It is true indeed that the term 'law' is frequently applied to mere generalizations of complex phenomena—to propositions which simply express the order in which facts have been observed to occur; and provided the purely empirical character of such generalizations be borne in mind, there can be no objection to the name. Even in this sense, however, to entitle a proposition to the character of a 'law,' some degree of regularity and uniformity in the observed sequence is required. Now, with respect to the comparison which Mr. Rickards proposes to institute between the relative advances which have taken place in population and subsistence, no such uniformity or regularity is observable. In some nations subsistence has advanced more rapidly than population; in others population has advanced more rapidly than subsistence; and in the same nation at different times the results have been different, population and subsistence taking the lead by turns. The utmost that can be said with truth is that, on the whole, as nations advance in civilization, the proportion generally alters in favour of subsistence—a proposition which, I think, can scarcely pretend to the dignity of a 'law,' even in the loosest sense of that word.


But, even if we were to suppose the relative advance of population and subsistence to be constant and uniform, and the rate to be well ascertained, I should still deny that a proposition embodying the results of this comparison could correctly be called a doctrine of Political Economy; that is to say, I should deny that such a proposition could with propriety be placed in the same category of truths with those which assert that within the range of effective competition normal value is governed by cost of production; that fluctuations in value are governed by the conditions of demand and supply in relation to the particular commodity;; that the rate of profit varies inversely with proportional wages as understood by Ricardo; that 'economic rent' depends on the difference in the returns of the soil to different capitals; in a word with the most important principles of economic science. Each of these propositions expresses some tendency affecting the production and distribution of wealth; they have all been deduced from known principles of human nature and ascertained physical facts; and they are all available in explanation of the phenomena of wealth. But a proposition asserting the results (even supposing these results to be perfectly regular and uniform) of a comparison between population in the concrete and food in the concrete, possesses none of these attributes. It does not express any tendency influencing the phenomena of wealth, but exhibits the composite result and evidence of many tendencies; it is not deduced from the principles of human nature and external facts, but from the statistics of society, or from the crude generalizations of history; and, lastly, it is not a principle helping us to the solution of any of the problems of our complex civilization, but itself presents a complex problem for our solution.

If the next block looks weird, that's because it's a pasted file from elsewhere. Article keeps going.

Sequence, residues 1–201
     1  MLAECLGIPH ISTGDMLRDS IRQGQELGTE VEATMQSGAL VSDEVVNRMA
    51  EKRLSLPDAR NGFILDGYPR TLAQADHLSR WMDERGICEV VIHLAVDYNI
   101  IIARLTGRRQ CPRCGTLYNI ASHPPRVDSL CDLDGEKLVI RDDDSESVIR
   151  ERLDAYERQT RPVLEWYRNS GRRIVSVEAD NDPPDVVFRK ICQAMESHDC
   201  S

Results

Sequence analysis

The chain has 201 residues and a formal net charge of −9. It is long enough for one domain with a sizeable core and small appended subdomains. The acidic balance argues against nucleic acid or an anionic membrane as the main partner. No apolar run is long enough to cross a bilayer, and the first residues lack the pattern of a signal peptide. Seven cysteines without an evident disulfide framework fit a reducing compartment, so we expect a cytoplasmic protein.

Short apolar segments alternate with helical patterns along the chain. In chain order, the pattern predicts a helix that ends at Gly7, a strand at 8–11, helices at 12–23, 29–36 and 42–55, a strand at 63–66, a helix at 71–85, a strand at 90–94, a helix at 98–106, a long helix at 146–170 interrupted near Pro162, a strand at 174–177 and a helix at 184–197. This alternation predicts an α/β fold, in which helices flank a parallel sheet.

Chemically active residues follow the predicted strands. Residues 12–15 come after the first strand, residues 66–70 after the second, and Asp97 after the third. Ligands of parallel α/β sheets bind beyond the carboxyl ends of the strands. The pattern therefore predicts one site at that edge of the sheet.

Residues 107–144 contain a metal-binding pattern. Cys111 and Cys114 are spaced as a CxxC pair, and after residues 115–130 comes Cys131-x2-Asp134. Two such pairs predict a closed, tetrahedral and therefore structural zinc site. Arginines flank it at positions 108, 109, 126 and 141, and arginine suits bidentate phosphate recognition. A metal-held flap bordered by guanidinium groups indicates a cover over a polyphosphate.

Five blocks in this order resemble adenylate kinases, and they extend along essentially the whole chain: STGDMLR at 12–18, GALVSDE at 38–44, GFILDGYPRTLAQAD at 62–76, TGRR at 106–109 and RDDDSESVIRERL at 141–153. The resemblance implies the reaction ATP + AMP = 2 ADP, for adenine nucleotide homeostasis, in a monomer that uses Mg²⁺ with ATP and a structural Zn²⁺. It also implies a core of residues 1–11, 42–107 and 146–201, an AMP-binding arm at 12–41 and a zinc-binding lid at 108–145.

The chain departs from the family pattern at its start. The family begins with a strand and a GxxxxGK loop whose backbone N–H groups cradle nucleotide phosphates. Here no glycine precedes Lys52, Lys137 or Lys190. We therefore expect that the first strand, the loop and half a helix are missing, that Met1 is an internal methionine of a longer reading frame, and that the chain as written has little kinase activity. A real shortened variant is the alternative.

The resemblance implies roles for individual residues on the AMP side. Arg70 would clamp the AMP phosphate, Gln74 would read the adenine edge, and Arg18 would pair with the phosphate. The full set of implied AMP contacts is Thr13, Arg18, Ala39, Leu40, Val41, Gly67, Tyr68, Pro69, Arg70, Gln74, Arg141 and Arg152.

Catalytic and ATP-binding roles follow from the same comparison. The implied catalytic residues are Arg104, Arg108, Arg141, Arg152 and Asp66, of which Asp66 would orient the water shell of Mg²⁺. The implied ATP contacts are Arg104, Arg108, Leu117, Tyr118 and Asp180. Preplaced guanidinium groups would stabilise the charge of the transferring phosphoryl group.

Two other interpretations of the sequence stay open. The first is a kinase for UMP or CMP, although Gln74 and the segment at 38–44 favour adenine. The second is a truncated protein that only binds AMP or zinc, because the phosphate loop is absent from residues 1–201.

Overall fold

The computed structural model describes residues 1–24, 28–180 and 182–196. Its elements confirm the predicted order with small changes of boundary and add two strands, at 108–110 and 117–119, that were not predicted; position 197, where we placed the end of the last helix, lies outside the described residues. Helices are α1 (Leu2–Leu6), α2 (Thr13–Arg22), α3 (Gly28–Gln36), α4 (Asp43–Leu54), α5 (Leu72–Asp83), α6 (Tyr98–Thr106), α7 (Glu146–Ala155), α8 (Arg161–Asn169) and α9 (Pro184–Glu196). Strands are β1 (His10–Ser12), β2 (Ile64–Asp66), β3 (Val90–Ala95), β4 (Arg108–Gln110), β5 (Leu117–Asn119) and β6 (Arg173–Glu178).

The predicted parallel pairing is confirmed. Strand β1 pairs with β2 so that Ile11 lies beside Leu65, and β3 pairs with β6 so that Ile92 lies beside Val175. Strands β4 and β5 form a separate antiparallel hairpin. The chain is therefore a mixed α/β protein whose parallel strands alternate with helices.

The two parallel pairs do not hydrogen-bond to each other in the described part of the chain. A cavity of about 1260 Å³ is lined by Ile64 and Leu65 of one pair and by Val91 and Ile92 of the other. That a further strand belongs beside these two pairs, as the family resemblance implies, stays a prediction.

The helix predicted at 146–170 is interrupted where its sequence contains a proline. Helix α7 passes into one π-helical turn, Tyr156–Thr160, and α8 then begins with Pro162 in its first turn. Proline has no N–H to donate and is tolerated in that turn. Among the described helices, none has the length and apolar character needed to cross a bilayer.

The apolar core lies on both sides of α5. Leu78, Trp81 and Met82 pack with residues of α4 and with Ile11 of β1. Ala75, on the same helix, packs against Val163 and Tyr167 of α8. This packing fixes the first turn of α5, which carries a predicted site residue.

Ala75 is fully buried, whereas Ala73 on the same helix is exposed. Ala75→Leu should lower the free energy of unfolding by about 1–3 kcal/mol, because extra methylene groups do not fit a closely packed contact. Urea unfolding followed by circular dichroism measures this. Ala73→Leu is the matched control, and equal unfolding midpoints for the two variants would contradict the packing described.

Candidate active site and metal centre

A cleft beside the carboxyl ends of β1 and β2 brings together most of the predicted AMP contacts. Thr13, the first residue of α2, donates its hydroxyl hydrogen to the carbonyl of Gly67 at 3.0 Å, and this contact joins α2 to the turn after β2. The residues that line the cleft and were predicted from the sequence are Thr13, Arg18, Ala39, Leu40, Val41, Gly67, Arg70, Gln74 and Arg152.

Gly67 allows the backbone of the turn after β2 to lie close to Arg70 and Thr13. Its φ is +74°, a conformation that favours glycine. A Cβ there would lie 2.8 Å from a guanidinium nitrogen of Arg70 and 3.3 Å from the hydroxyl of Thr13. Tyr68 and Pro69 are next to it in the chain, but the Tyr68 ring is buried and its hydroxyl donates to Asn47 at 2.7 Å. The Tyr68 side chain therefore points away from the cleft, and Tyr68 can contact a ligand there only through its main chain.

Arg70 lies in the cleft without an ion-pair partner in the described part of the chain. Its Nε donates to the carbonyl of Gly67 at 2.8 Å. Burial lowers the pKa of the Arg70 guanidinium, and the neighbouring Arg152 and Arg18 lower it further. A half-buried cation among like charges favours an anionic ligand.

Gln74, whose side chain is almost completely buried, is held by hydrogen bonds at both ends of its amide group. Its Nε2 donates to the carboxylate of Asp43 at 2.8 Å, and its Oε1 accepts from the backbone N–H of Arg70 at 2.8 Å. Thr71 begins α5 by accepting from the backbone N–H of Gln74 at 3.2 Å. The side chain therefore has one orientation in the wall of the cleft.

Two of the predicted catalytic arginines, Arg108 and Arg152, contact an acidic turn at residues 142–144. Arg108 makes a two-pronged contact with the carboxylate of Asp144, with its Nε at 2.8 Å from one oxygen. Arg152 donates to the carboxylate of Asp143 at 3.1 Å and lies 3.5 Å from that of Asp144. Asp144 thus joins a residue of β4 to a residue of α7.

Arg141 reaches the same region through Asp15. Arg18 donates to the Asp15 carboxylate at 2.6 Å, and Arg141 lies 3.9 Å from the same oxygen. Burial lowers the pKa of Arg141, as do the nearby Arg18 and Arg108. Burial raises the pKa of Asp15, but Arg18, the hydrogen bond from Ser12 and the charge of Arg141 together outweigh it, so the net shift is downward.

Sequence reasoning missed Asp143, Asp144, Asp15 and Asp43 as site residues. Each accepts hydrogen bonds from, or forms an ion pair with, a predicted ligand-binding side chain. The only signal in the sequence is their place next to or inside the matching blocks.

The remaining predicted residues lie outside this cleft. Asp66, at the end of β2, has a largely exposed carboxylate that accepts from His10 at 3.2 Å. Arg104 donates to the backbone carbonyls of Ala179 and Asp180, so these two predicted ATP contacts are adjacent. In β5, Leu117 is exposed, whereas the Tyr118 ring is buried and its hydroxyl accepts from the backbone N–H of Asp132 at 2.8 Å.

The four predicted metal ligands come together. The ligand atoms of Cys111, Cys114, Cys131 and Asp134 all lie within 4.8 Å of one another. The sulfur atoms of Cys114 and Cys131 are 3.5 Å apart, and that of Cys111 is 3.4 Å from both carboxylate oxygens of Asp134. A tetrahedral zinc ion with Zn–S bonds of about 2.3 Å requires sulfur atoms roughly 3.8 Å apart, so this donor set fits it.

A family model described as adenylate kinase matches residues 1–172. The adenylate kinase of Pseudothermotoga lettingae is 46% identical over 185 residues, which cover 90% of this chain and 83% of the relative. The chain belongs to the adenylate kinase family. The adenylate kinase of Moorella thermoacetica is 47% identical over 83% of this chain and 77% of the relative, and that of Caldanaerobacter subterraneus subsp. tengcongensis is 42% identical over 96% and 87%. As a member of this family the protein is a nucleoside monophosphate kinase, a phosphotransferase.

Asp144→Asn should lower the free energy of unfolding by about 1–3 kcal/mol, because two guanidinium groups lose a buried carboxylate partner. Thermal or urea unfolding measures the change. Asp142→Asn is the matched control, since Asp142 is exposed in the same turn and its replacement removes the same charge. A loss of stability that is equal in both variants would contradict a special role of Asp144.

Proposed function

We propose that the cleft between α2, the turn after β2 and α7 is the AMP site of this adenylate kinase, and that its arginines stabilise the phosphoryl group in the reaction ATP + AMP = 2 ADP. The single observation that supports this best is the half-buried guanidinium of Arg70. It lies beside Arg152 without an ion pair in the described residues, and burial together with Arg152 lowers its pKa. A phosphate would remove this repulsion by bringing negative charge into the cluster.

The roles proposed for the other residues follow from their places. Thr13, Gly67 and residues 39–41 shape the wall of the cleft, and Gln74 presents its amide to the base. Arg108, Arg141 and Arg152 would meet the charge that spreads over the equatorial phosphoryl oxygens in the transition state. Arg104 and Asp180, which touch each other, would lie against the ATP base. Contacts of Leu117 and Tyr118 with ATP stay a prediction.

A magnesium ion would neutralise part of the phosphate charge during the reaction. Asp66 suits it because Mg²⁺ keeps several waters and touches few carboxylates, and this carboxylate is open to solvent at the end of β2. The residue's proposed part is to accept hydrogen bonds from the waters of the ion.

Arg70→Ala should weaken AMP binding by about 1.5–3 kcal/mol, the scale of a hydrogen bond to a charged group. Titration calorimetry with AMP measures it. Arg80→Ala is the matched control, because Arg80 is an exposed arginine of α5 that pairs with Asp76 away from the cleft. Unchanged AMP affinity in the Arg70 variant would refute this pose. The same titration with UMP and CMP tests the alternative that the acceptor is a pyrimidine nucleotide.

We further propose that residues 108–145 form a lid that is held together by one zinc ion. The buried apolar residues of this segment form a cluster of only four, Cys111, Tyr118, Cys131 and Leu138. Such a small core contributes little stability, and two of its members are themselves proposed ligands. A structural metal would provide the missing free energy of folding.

I say that such a comparison will not help us to the solution of any of the problems of our complex civilization; for, granting the fact to be as Mr. Rickards asserts it to be, and as, on the whole, making large allowance for exceptional cases, I believe it is—granting that, as a general rule, the means of subsistence, and we may add the comforts and luxuries of life, have advanced in civilized communities more rapidly than population, what light does this throw either upon the influence of the principle of population on the one hand, or of the causes regulating the production of subsistence on the other—of their influence, I say, upon the progress of society and the phenomena of wealth? All that we are warranted in inferring from the state of things assumed, is the predominance on the whole in the given circumstances of the causes tending to advance over those tending to retard the social or economic condition of a nation; but it affords no ground for inference respecting the character or inherent strength of any particular cause affecting that condition—such as the principle of population. The fact of the arrival of a vessel in New York is no proof that she had the wind in her favour: she may have had recourse to steam to counteract its effects. The speed at which she travels and the direction of her course do not depend upon the force of the steam impelling, or of the winds assisting, or of the currents thwarting, or of the friction impeding, but is 'the last result and joint effect of all.' Such also is the progress of society. It represents the result of a vast number of forces, physical, intellectual, social, and moral; and it advances, or recedes, or oscillates; as one kind or other prevails. But from the mere consideration of the rough result, the general total, it would be as vain to attempt to deduce the character or tendency of any single cause affecting it—of any given economic principle—as it would be to elicit a theory of the Atlantic currents from the statistics of voyages between Liverpool and New York.


Mr. Rickards, however, holds that the comparison which we have been considering does throw light on the causes of economic phenomena. The actual advance which the various communities have made in material improvement, proves, according to him, 'the natural ascendency of the force of production over the force of population.' 'It can have emanated,' he says, 'from no other source. The primitive possessors of the earth were destitute of all things. The earth has been the source of all the wealth which has accumulated in the hands of their descendants.... If, while the number of cultivators has gone on increasing, this surplus has become greater and greater, and the whole people wealthier, it must follow that production has a tendency to increase more rapidly than population, and that the accumulation of wealth which accompanies the progress of society is attributable to this cause.*68